For instance, if you want to test soy and dairy, you will avoid all soy- and dairy-containing foods for 7-14 days. On day 8 or 15, you can reintroduce soy by eating a tofu stir-fry. Wait 2-5 days and see if and how your body responds. After your test period for soy is up, you would then go through the same process with dairy.

Symptoms to look for:

  • Sleepiness after a meal
  • "Brain fog" or fuzzy thinking
  • A change in your bowel movements, such as diarrhea
  • Headache
  • Nausea or cramps
  • Stuffy nose
  • Itchy skin
  • Phlegm in your throat
  • Achy joints
  • Etc.--symptoms can be many and vary from person to person

Method B: If you suspect that you have food sensitivities but aren't sure which foods are the culprit, you can go on a special diet and then re-introduce foods as you would in Method A. This special diet is recommended by Liz Lipski, PhD, a well-respected clinical nutritionist and author. The diet excludes most of the foods that people tend to be sensitive to. For 7-14 days, you eat fruits (minus citrus), vegetables (minus the nightshade family, which includes bell peppers, white potatoes, tomatoes, and eggplants), and white rice. You can use olive oil and safflower oil for cooking and salad dressings or marinades. If you want extra protein, you can make smoothies with enriched rice protein. On day 8 or 15, re-introduce one category of food at a time, in intervals of 2-5 days, looking for symptoms such as the ones listed above.

... (more)

An elimination diet is a way to test yourself for food sensitivities. With this method, you deliberately eliminate specific foods to see if your health improves when you don't eat themthose foods. After a specific period of avoidance (typically 7-14 days), you reintroduce the suspected food(s) into your diet and see what symptoms, if any, you experience.

People use elimination diets to test for sensitivities to gluten, eggs, dairy, nuts, specific fruits, and other foods. This can be a low-cost, low-tech way to understand more about how your body responds to different foods and substances.

... (more)

There are many ways you can go about doing an elimination diet. It may take some time to discover and confirm your sensitivities, so a few rounds may be necessary. Consider testing yourself for some or all of the following foods, which many people are sensitive to:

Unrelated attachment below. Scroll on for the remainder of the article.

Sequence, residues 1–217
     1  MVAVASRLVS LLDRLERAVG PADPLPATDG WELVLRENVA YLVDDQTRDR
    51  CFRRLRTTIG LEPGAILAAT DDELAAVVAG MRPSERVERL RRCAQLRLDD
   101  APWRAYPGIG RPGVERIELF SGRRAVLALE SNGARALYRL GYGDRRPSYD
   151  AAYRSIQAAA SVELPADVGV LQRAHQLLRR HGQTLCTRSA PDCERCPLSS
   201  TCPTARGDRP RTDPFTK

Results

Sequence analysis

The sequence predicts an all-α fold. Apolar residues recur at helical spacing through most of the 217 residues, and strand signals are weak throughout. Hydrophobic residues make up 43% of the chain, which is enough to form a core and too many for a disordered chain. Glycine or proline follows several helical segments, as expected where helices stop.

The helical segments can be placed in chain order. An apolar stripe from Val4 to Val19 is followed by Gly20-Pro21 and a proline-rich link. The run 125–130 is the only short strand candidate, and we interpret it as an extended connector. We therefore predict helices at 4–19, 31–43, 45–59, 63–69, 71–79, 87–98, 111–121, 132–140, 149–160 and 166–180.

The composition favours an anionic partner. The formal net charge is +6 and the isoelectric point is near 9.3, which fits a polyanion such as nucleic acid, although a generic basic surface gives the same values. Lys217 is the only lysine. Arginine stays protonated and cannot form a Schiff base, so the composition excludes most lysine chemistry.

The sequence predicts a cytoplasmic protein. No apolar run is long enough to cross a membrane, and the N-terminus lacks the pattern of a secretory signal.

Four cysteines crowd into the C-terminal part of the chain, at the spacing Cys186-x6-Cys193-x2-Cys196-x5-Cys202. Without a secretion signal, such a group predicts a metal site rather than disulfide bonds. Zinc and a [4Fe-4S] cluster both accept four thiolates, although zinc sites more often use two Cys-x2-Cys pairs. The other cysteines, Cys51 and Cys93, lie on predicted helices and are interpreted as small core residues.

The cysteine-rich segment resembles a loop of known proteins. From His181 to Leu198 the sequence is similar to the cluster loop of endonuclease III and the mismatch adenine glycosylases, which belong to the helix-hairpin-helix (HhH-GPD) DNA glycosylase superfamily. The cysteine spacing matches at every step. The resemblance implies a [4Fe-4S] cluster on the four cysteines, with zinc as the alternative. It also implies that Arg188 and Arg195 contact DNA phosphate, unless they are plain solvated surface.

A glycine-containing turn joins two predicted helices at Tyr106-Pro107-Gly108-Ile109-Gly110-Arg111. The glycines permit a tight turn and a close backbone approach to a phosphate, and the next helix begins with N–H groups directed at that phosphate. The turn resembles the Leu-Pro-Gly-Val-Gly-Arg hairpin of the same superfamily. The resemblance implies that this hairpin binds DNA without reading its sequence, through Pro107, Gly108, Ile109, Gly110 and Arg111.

• Gluten (found in wheat and other grains, and derivatives of these grains)
  • Soy
  • Eggs
  • Dairy (especially from cows, and especially pasteurized milk and products made from it)
  • Corn
  • Sugar
  • Nuts (especially peanuts)
  • Vegetables from the nightshade family (potatoes, peppers, eggplants, and tomatoes)
  • Citrus fruits

The following are two ways you can do an elimination diet. There are many other methods, but these are two of the most common:

Method A: If you think you know the specific food(s) that might be sensitive to, you can selectively eliminate those foods from your normal diet. Experts typically recommend that you avoid your target foods for 7-14 days. After this period, you can add back one food at a time in intervals of 2-5 days, and see if or how your body responds.

For instance, if you want to test soy and dairy, you will avoid all soy- and dairy-containing foods for 7-14 days. On day 8 or 15, you can reintroduce soy by eating a tofu stir-fry. Wait 2-5 days and see if and how your body responds. After your test period for peanuts soy is up, you would then go through the same process with dairy.

Symptoms to look for:

  • Sleepiness after a meal
  • "Brain fog" or fuzzy thinking
  • A change in your bowel movements, such as diarrhea
  • Headache
  • Nausea or cramps
  • Stuffy nose
  • Itchy skin
  • Phlegm in your throat
  • Achy joints
  • Etc.--symptoms can be many and vary from person to person

Method B: If you suspect that you have food sensitivities but aren't sure which foods are the culprit, you can go on a special diet and then re-introduce foods as you would in Method A. This special diet is recommended by Liz Lipski, PhD, a well-respected clinical nutritionist and author. The diet excludes most of the foods that people tend to be sensitive to. For 7-14 days, you eat fruits (minus citrus), vegetables (minus the nightshade family, which includes bell peppers, white potatoes, tomatoes, and eggplants), and white rice. You can use olive oil and safflower oil for cooking and salad dressings or marinades. If you want extra protein, you can make smoothies with enriched rice protein. On day 8 or 15, re-introduce one category of food at a time, in intervals of 2-5 days, looking for symptoms such as the ones listed above.

... (more)

Lipski, E. (2004). Digestive Wellness: How to Strengthen the Immune System and Prevent Disease Through Healthy Digestion (3rd Edition). New York: McGraw-Hill.

... (more)

How to do an elimination diet: